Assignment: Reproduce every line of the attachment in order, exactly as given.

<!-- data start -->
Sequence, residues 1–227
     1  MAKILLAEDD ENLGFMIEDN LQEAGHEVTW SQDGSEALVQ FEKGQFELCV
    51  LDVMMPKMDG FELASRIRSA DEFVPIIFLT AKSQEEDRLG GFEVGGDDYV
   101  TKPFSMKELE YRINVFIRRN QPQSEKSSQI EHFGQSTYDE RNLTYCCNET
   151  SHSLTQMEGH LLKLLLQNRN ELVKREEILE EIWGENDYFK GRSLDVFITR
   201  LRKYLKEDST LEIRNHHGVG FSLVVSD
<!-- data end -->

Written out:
Sequence, residues 1–227
     1  MAKILLAEDD ENLGFMIEDN LQEAGHEVTW SQDGSEALVQ FEKGQFELCV
    51  LDVMMPKMDG FELASRIRSA DEFVPIIFLT AKSQEEDRLG GFEVGGDDYV
   101  TKPFSMKELE YRINVFIRRN QPQSEKSSQI EHFGQSTYDE RNLTYCCNET
   151  SHSLTQMEGH LLKLLLQNRN ELVKREEILE EIWGENDYFK GRSLDVFITR
   201  LRKYLKEDST LEIRNHHGVG FSLVVSD